Faced with confusing choices, the online customer throws in the towel

Online or off, customers given too many choices are up to 10 times less likely to buy. Combine that with a confusing website and it’s a recipe for customer frustration.

Garnet Hill and The Company Store both sell great towels.

However, I now buy my towels exclusively from Garnet Hill. That’s because I can’t stand wasting time on the Company Store’s website.

TheCompanyStore.com is a slow-moving site with teeny-weeny pictures of products that appear in an only slightly larger version on the actual product page — c’mon guys, surely you have an original photo of the stack of towels that is bigger than 2 inches square!

But it’s not just the Company Store’s website. It’s the sales strategy — which is a bad match for online selling. They offer  7 types of solid-color towels that all look essentially the same in those tiny pictures, including 6 types of solid-color cotton towels. The prices of the towels aren’t all that different, so you’re faced with the prospect of having to click and read and click and read and click and read (did I mention that the site has no “compare” function?) to find out.

It turns out that, online or off, customers given too many choices are up to 10 times less likely to buy. Combine too many choices with a confusing website and you have recipe for customer frustration.

Garnet Hill towels
Why is this picture of Garnet Hill Signature towels so big?

I don’t have time to deal with this — I just want a great Company Store towel. Instead, I’m stuck wondering if the cheap one is cheap because it’s…cheap — and if the expensive one is worth it. Who knows? Who cares?

By contrast, over at GarnetHill.com, they have just 3 types of solid-color towels: Garnet Hill Supreme, Garnet Hill Signature, and a special line by Eileen Fisher. I click to see nice big pictures of the two Garnet Hill types — you get a choice of 6 thumbnails, all of which expand to 4 inches high. The difference is immediately obvious: “Supreme” towels cost more and come in fewer colors; “Signature” towels cost less and come in a vast array of colors — all easy to view by clicking a swatch to see a (great big) picture of the towel in the color you’ve chosen. So it’s easy for me to pick the Signature towels, check out two shades of blue, pick the one I want, and order the towels.

So: Sorry, Company Store. Your towels were great. I just didn’t have all day to spend  trying to figure out which ones I wanted.

Why I avoid Google+

Google+ won’t let you integrate multiple Google mail accounts into one Google+ identity, and that makes using Google+ a frustrating time suck.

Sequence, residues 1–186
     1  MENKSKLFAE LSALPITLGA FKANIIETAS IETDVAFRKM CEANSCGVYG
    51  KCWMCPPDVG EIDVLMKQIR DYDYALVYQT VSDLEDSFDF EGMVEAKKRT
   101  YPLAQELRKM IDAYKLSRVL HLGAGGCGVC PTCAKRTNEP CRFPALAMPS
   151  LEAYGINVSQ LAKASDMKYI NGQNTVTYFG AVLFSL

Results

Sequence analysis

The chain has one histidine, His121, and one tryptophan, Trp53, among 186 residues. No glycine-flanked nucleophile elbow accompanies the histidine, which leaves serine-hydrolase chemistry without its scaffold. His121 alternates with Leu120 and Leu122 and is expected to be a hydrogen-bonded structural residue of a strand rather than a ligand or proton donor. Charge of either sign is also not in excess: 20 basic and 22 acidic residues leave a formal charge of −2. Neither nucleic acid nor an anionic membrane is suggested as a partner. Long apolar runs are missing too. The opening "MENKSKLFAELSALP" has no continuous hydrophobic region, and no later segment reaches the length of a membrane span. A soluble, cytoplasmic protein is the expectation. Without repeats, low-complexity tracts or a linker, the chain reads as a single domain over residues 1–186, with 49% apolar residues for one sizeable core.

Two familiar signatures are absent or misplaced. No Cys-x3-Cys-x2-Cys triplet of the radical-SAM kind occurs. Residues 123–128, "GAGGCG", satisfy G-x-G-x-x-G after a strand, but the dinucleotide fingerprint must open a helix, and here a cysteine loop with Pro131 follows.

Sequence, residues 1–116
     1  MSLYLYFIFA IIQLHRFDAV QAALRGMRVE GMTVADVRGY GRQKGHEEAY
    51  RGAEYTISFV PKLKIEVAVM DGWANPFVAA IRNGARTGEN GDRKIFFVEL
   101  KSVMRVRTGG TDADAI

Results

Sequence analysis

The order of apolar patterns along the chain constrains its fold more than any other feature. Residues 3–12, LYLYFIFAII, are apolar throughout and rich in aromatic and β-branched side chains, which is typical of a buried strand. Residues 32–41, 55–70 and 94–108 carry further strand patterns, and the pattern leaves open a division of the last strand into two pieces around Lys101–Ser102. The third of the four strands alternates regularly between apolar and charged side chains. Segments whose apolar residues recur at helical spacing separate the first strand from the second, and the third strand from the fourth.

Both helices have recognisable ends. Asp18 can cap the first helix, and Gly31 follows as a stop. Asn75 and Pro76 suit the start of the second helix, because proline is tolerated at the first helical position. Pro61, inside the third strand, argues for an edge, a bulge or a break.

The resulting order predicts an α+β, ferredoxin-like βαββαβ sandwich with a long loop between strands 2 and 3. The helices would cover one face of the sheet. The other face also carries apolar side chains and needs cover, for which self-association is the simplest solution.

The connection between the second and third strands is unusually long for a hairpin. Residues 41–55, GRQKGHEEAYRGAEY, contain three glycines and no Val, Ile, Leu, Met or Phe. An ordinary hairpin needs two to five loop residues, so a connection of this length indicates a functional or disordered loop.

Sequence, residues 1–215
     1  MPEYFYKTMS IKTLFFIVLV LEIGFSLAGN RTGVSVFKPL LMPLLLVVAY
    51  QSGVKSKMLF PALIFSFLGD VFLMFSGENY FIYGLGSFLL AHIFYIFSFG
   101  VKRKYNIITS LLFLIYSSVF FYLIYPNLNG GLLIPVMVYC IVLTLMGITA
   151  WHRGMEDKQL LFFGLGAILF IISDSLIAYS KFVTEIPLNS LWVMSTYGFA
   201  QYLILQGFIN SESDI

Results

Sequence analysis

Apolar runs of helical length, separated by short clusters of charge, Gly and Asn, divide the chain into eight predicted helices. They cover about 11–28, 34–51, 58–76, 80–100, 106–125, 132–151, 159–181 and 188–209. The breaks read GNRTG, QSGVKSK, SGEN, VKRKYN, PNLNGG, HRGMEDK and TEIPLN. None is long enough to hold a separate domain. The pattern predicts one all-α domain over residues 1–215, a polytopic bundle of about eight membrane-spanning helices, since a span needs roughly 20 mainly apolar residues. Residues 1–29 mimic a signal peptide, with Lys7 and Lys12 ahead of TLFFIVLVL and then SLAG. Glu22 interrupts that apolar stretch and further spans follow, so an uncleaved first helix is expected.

Friend? See you on Facebook.

Colleague? Talk with you over on LinkedIn!

Neighbor? Acquaintance? Let’s have some fun on Twitter.

Fellow traveler? I’ll follow you on FourSquare.

But I just got an email notifying me that someone I like added has me on Google+. This fills me with dread. Why? Follow me on my journey down the surrealistic rabbit hole of Google+.

First, I click the link “Add to circles” in the email so I can add my friend. It takes me to Google+, which invites me to join.

Interesting, because I already belong to Google+. (Under two Google email identities, but more on that later.)

Unfortunately, sometime in the past few days I used a third Google email address (I have several) and now Google considers me logged in as that third identity, which does not belong to Google+ and is never going to.

I now have to log out of Google and log back in — which is requires me to refer back to the original email from my friend to see which identity she has “added” me under.

Yes, I know that Google has a system that lets you switch identities without logging out and logging in — but that “switch” only works for certain Google online apps and not for others. I use several, and can never keep straight which ones let me switch — until I try switching and a few screens later find that I am still stuck in the original unswitched identity.

So I log out and log in.

Hmmm. There is now no sign of my friend’s invitation, but I do see my Google+ stream (or ripple, or whatever they call it). There are a few posts from people I’m interested in, and several posts by some guy who just can’t shut up.

By now, I’m completely derailed. I go back to the email and tell my friend how she can find me on Facebook, Twitter and LinkedIn.

Problem solved.

Sorry, Google+. Your failure to let me integrate multiple Google mail accounts into one Google+ identity makes visiting your system a frustrating time suck — and even the literate content my friends post there won’t make it worth the trouble.